"Island Life and Times"
Works by Laura Hickman and Steve Rogers
Showing October 3rd - November 1st
Works are available for purchase as soon as they are posted here.
In our October exhibition, we are thrilled to bring together two artists who are Southern Delaware favorites. Laura Hickman, of Bethany Beach, and Steve Rogers, of Lewes, share a love for Tangier Island and have based the entire show on its scenic beauty. Tangier Island sits in the Chesapeake Bay, 12 miles from the nearest mainland port, and has been home to watermen for hundreds of years and people of the Pocomoke Nation long before that. A maze of waterways lined with quaint cottages and dilapidated docks flows through the island, breaking it into a thousand pieces. With a population of less than 700 and a remote location, Tangier seems to have frozen in time. Locals mostly get around on golf carts and bicycles because the roads are not large enough to accommodate cars. Sadly, this Chesapeake Bay treasure is quickly slipping into the ocean and will have to be abandoned in fewer than 50 years.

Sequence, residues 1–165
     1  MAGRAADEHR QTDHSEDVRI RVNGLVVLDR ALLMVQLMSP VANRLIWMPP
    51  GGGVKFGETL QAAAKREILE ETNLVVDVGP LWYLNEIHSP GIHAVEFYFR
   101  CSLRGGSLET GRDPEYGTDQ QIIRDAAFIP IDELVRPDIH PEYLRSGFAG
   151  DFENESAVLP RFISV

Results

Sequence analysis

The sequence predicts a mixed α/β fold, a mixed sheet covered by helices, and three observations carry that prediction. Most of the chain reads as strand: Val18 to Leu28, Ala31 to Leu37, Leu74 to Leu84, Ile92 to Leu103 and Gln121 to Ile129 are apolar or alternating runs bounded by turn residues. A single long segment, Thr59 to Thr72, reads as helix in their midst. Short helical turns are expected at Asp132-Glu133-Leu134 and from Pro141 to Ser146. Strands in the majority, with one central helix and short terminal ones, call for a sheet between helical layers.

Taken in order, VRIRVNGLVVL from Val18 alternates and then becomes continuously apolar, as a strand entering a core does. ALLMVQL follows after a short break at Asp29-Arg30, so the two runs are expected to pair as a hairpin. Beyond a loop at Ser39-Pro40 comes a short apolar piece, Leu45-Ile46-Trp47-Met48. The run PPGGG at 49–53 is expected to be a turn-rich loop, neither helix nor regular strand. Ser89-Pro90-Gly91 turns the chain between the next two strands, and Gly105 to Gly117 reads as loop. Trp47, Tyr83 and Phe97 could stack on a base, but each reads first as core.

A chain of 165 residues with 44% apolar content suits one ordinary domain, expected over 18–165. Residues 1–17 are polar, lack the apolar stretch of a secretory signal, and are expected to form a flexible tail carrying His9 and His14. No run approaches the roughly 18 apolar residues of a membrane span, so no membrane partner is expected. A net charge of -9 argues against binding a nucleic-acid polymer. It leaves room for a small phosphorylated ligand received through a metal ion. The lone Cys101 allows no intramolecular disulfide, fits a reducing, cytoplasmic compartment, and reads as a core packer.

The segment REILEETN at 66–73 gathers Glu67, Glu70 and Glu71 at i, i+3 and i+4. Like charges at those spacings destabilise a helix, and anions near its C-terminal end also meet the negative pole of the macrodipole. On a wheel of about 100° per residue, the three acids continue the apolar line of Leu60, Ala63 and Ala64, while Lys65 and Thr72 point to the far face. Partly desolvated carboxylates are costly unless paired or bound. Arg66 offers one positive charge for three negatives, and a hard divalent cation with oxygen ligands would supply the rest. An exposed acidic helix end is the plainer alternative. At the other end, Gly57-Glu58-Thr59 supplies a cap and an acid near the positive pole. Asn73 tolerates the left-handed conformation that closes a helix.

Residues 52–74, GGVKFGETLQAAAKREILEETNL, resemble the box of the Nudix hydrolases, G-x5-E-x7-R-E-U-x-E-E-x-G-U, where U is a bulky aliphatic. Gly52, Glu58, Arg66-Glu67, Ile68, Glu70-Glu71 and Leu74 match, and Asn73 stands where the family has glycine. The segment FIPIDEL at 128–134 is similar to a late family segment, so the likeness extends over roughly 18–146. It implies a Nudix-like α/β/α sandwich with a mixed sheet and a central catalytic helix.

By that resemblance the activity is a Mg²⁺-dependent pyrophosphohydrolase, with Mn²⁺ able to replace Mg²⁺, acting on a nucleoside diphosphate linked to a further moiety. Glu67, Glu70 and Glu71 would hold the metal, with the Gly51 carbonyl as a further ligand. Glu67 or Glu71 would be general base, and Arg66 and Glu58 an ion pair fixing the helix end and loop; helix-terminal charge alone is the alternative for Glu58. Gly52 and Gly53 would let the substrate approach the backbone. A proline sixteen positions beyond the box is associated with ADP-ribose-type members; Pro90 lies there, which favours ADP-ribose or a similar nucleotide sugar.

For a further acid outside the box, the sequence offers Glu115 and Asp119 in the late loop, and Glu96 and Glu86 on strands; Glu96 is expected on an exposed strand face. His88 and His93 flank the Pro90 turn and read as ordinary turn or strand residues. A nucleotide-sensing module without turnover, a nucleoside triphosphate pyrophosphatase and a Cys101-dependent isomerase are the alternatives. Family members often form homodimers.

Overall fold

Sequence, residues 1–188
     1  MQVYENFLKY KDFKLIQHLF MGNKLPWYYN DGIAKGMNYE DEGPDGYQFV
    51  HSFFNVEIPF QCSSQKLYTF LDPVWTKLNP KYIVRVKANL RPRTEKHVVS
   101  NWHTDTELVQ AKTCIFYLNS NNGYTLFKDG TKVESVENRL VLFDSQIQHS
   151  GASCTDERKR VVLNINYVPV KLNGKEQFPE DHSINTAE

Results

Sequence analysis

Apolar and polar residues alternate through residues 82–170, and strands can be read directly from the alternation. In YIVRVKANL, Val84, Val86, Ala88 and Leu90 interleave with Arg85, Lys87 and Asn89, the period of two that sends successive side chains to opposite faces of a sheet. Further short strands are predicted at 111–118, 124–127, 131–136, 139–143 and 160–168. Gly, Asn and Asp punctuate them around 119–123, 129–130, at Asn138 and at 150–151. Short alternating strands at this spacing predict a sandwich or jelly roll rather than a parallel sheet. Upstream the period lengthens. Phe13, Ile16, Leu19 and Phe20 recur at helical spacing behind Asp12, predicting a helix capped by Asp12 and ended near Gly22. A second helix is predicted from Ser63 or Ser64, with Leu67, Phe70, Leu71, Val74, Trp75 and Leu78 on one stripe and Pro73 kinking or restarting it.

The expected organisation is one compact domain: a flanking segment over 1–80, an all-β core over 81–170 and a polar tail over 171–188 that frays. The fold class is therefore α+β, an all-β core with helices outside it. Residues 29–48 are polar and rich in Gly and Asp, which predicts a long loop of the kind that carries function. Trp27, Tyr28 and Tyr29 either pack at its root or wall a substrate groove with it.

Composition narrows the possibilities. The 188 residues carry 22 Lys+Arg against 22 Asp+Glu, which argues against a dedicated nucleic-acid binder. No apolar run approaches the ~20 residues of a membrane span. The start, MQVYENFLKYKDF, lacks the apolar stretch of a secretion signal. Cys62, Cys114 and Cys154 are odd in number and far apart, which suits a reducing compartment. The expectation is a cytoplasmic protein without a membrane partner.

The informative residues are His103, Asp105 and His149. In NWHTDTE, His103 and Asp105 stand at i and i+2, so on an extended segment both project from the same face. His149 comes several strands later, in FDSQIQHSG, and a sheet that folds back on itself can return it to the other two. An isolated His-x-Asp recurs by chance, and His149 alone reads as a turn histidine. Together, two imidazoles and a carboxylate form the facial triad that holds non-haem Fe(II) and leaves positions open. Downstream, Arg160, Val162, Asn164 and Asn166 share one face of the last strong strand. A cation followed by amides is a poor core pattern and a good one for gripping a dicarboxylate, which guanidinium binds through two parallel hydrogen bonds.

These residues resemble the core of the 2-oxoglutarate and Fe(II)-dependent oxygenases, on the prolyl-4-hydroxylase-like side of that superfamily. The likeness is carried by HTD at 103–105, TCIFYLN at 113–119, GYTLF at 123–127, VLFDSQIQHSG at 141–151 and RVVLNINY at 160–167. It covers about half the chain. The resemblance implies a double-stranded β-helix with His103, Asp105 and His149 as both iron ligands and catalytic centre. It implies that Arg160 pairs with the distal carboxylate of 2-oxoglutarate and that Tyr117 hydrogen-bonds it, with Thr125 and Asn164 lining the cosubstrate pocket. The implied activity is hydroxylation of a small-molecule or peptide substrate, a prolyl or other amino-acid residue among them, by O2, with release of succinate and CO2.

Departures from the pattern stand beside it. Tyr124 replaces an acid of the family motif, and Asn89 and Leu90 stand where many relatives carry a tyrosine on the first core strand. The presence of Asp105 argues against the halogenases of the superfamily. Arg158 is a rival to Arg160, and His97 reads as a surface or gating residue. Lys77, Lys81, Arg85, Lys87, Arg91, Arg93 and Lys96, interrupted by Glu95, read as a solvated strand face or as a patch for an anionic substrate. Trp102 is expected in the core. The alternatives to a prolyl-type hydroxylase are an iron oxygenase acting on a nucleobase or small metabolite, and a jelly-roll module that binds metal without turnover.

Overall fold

Laura Hickman, primarily a pastel artist, was born in Milford, Delaware, and grew up on Fifth Street in Bethany Beach. She was profoundly influenced by her life at the beach which is evident in her artwork. She attended Hood College in Frederick, Maryland, graduating with a B.A. in Art and went on to receive an M.F.A. from the University of Delaware in Printmaking and Painting and Drawing. She taught for several years at the University of Maryland Eastern Shore and then at The Savannah College of Art and Design. Hickman’s hometown beckoned for her return in 1988, when she realized her dream of becoming a full-time artist. In the pastel pieces created for the exhibition at the Peninsula Gallery, Laura depicts the serene humdrum scenes of Tangier Island, yet in a playful and vivid style. It’s as if idyllic childhood beach memories have been plucked from your mind and brought to life in brilliant color.
Steve Rogers has loved boats and water all his life and has centered an art career around this passion. He works in acrylics to paint traditional working boats in precise realism. These are not pampered fiberglass yachts, but hard-bitten and over-worked oystermen, crabbers, and menhaden steamers. His paintings capture the toughness and durability of everyday working boats and the beauty and terror of the weather in which they work. Steve’s depictions are incredibly accurate, down to the materials and construction of each particular type of vessel. His palette is rich with natural tones of ochre, umber, and rust set off by shadows in cool blues and stark blacks. Tangier Island has provided Steve with a treasure-trove of inspiration as it is overflowing with the textures, colors, and moods that fuel his art.